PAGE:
Review – Interstellar

Poster for 2014 sci-fi epic Interstellar

Genre: Sci-Fi
Certificate: 12
UK Release Date: 7th November 2014
Runtime: 169 minutes
Director: Christopher Nolan
Writer: Christopher Nolan, Jonathan Nolan
Starring: Matthew McConaughey, Anne Hathaway, Mackenzie Foy, Michael Caine, Jessica Chastain, David Gyasi, Matt Damon
Synopsis: A pilot is challenged with visiting the other side of a wormhole in order to find a new home for humanity.



There are few directors who can be used to sell a film in the modern era. Largely, it’s marquee actors that can elevate a film to commercial success, with director names relegated to dead space on a poster. Christopher Nolan, however, is not just any director and Interstellar is not just any film. It’s an ambitious sci-fi epic that deals with lofty ideas aplenty. With that in mind, it’s almost inevitably something of a disappointment.

Cooper (Matthew McConaughey) is a former NASA pilot scraping out a living as a farmer on a dust-ravaged future Earth with his daughter Murph (Mackenzie Foy). When he stumbles upon a secret facility run by Professor Brand (Michael Caine), he is thrust into an ambitious mission to find a new home for humanity alongside Brand’s daughter Amelia (Anne Hathaway).

Christopher Nolan is certainly not a filmmaker who lacks ambition. Interstellar is a film that literally shoots for the stars, taking in enormous themes of love, loss and the continuation of humanity whilst still trying to deliver an entertaining popcorn movie. Unfortunately, the resulting movie is a mess of tonal collisions resulting in a catastrophic lack of identity.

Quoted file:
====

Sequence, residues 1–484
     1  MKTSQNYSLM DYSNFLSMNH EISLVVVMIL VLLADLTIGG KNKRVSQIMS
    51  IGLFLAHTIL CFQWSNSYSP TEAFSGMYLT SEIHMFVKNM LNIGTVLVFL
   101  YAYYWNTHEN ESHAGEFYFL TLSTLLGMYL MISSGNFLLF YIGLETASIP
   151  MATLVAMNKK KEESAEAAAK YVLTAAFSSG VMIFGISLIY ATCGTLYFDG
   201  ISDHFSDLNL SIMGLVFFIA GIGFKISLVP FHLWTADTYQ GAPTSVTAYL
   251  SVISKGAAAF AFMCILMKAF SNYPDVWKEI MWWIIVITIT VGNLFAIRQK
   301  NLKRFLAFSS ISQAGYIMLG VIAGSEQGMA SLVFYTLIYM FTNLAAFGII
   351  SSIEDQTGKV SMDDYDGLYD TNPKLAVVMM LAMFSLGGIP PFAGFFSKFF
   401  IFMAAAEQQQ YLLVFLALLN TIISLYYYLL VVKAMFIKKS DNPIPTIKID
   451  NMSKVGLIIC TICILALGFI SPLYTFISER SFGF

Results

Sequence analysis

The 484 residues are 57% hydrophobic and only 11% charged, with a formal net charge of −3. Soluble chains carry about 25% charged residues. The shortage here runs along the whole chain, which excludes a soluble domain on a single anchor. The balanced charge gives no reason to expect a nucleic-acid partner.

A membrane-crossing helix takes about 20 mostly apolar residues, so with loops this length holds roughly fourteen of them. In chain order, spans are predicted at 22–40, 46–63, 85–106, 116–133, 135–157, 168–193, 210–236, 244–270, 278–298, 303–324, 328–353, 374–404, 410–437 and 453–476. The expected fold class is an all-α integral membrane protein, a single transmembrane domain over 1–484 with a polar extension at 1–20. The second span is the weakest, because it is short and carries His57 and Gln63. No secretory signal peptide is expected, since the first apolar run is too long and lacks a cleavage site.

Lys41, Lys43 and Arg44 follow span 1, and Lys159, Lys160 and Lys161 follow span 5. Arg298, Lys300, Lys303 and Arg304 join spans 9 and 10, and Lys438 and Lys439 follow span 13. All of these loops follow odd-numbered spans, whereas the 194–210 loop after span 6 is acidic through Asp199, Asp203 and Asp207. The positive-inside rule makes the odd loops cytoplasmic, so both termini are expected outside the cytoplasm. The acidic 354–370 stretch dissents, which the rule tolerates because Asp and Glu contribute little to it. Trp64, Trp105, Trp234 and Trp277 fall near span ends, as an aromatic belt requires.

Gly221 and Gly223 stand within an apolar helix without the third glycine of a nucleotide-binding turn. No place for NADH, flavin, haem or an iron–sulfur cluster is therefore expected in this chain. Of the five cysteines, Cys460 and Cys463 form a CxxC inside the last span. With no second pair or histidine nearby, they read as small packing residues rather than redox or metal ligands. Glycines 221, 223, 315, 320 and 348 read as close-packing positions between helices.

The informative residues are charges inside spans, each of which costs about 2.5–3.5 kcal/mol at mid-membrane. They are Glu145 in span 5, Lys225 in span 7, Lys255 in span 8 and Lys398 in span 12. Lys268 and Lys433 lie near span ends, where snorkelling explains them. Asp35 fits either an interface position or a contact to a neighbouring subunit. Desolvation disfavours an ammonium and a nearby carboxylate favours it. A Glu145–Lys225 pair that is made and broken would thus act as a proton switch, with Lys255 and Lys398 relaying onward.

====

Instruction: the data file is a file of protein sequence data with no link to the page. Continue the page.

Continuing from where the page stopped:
| "We used to look up at the sky and wonder at our place in the stars. Now we just look down and worry about our place in the dirt."

There’s a lot to like in the film, with Matthew McConaughey delivering an excellent performance as Interstellar’s emotional and thematic centrepoint. Cooper is a man stuck in a future he never imagined, with his life’s work consigned to boldly revised history books. This turmoil is conveyed brilliantly by McConaughey, with a central plot device involving the passage of time turned into a moment of subtly played despair.

Anne Hathaway fares less well, saddled with a hideously clunky monologue about the power of love that heralds many of the problems with the film’s ludicrous third act. It’s difficult to say much without spoiling Interstellar’s narrative surprises, but the final half an hour feels less like an intelligent blockbuster than it does a particularly poor episode of Doctor Who.

But before it completely flies off the rails, Interstellar plays its trump card. The middle section of its extraordinary bloated running time is an absolute masterclass in spectacle, showcasing Nolan’s undeniable flair for visual trickery mixed with impressive practical effects. However, it’s this very flair that manifests later in the film as a lack of restraint which leaves the film smothered by a huge vision with no semblance of control.